In February 1962, Fidel Castro spoke the words of the Second Declaration of Havana before a crowd of nearly 2 million in the Plaza de la Revolución: “To the accusations that Cuba wants to export its revolution, we reply: Revolutions are not exported, they are made by the people…. What Cuba can give to the people, and has already given, is its example.” Castro led a country of only 6 million in the process of building a more egalitarian society and economy. But his ability to carry out those plans depended on successfully managing and defeating external and internal threats. Already in 1959, Cuba had sponsored expeditions to try to topple hostile dictatorships. In the decades to come, it would begin to operate with the ambitions of a great power. Sometimes it did inspire other Latin American revolutionaries by its example. It also—contrary to Castro’s declaration—trained and exported soldiers throughout Latin America and Africa in an effort to spread its vision of revolution around much of the southern half of the world.
For some, Cuba in the 1960s and ’70s is the very model of anti-imperialist internationalism and revolutionary solidarity. For others, its efforts to expand revolution beyond its borders helped to destabilize Latin America and strengthen counterrevolutionary forces, clearing a path for many of the region’s right-wing dictatorships. Two new books, Jonathan C. Brown’s Cuba’s Revolutionary World and Dirk Kruijt’s Cuba and Revolutionary Latin America, grapple with this complex legacy. But while Brown and Kruijt start with the same set of questions, they reach essentially opposing conclusions: Brown finds that Cuba’s foreign policy damaged democracy throughout the hemisphere, while Kruijt argues that it helped sustain it.
Scholars working to understand the international legacy of the Cuban Revolution face two related challenges. The first is that the subject is highly politicized: Both the US and Cuban governments have self-serving stories to tell about their role in Latin America’s wave of insurgencies and counterinsurgencies. Even before Castro came to power, the United States saw the Cuban Revolution as a threat to its national interests, and it often sought to delegitimize other guerrilla struggles by claiming they were merely the result of Cuban meddling. Cuba, meanwhile, has sometimes gone to great lengths to deny its involvement in these uprisings, but it’s clear that the country did indeed play a role in many of the insurgencies that sprang up throughout Latin America in the 1960s, ’70s, and ’80s. For Cuba, it would have been a breach of solidarity for the country not to have been active across the region.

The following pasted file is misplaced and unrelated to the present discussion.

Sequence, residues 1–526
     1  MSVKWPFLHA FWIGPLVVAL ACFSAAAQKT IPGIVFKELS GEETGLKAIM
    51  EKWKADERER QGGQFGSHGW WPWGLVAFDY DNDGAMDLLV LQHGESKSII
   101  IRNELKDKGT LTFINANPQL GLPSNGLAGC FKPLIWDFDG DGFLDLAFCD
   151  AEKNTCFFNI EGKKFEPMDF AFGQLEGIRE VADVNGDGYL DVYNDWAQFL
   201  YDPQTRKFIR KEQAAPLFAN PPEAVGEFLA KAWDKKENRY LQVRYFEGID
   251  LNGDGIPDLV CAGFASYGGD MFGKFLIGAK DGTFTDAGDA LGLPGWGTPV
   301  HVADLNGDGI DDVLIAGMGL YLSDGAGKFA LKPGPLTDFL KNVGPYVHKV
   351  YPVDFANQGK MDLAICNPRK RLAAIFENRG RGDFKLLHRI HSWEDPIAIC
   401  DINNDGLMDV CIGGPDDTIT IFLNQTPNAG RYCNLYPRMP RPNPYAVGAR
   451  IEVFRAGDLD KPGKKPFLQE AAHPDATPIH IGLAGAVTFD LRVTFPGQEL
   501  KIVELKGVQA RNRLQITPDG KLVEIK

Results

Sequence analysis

This politicization of Cuba’s foreign policy leads to the second problem: Neither the US intelligence apparatus nor the Cuban government has fully released the documents relating to its actions in Latin America. Scholars, therefore, need to work without the full range of sources they would normally like to consult for such a complex and contentious topic. It also makes Cuba scholarship something of a Rorschach test, because the lack of documentation means that people often fill in the gaps with their own assumptions about the international legacy of the revolution.
Brown and Kruijt have solved the problem of this absence in entirely different ways. Brown relies primarily on the US government’s documentation of Cuba’s revolutionary actions—which is more readily available than the CIA’s accounts of its own covert actions to counter Cuban influence. Kruijt, by contrast, relies on interviews: roughly 70 with Cubans, and 20 with revolutionaries from other Latin American countries. In spite of their fundamental disagreement over Cuba’s contributions to democracy in the hemisphere, their books are complementary, each adding to our understanding of the dynamics and consequences of Cuba’s foreign policy. Their differences owe primarily to their underlying understandings of democracy, with Brown’s analysis resting on a fundamentally liberal-democratic framework, and Kruijt’s proving more sympathetic to radical redefinitions of the democratic idea.